A Manc on the Manchester International FestivalDate: 1 August 2011
When I’m on holiday and folks find out I’m from Manchester, the responses will invariably include one of the following "Hey! Liam Gallagher!", "Ahh, Boddingtons!" or "Whoo! Manchester United/City!".
I’m giving it about ten years before "Wahey! Manchester International Festival!" is added to the list.
Think I’m being too optimistic? Well, having had some time to reflect on the third MIF (which ran from 30 June to 17 July 2011), I believe that this festival will get the artistic world talking, not just about Manchester, but about new work and about what’s possible.
A biennial event, the Festival showcases specially-commissioned new work from prolific international artists. Programmed to appeal to a diverse audience base, this year’s festival featured a nostalgic musical from Victoria Wood (Grandma smiles), an interactive Dr Who show for children by Punchdrunk (your niece jumps up and down in the air), a live debut of Bjork’s new album (your cool sister nods emphatically) and a comic play from Johnny Vegas (Dad and his mates raise their pint glasses).
The festival also reaches out local communities across the city through MIF Creative, its creative learning programme. I was chuffed (and a bit jealous that I’m 22 years too late to participate) to see my first school, North Reddish Infants, on the list of creative partners for this year’s Music Boxes project.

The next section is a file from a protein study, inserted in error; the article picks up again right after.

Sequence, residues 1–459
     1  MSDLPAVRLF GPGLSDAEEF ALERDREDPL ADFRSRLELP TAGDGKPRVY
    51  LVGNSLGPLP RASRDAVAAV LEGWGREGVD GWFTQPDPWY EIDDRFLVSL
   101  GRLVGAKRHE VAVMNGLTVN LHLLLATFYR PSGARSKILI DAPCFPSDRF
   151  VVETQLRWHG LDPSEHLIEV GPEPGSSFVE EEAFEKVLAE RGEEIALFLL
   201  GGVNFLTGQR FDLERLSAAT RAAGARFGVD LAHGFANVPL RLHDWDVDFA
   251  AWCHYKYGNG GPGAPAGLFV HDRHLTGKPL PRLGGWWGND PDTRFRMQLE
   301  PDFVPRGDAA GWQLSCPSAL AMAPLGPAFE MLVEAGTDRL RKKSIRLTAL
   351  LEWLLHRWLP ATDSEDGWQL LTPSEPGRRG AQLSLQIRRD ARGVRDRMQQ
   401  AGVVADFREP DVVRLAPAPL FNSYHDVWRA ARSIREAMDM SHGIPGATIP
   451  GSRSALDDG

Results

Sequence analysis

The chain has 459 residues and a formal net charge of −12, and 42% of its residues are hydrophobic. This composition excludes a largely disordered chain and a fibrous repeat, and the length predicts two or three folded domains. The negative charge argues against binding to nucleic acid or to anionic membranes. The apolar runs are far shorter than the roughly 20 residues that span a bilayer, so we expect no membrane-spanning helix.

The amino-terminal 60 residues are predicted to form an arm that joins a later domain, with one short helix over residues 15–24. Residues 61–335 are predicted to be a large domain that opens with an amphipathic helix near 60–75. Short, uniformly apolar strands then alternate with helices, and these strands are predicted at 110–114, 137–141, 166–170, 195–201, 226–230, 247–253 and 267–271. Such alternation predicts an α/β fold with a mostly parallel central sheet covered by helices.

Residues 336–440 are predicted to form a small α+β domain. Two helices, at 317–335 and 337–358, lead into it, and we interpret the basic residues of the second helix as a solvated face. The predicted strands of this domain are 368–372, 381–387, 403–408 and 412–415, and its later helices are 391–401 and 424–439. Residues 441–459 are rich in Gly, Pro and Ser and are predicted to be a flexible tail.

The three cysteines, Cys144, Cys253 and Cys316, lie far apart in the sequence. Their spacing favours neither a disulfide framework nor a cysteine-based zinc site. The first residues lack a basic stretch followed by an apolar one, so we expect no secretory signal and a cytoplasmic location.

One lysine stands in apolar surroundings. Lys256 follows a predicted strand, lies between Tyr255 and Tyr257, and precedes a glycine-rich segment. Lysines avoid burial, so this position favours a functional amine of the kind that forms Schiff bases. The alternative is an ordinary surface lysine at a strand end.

It is true that ticket prices for some events were particularly high, making them less broadly accessible than others, but this is tempered by the amount of reasonably priced and free events featured in the festival.
I saw Antony Heggarty and Willem Dafoe strut their (abstract and creepy) stuff in The Life and Death of Marina Abramovic and heard Damon Albarn’s soaring ode to Dr Dee for around £15 per show, before giving my wallet a rest and heading over to the free admission events 11 Rooms at Manchester Art Gallery and Audio Obscura at Piccadilly Station.
I’d be lying if I said I loved everything I saw. What I loved was having the opportunity to experience ground-breaking new work on my doorstep. I loved that the city was buzzing with anticipation and life and debate. I loved being able to brag to my London-based friends as the word spread that there was more to Manchester’s art scene than Coronation Street.
Word has it that MIF’s director Alex Poots is already well into the planning of the next festival. I’ll see you there in 2013!
- Sara Cocker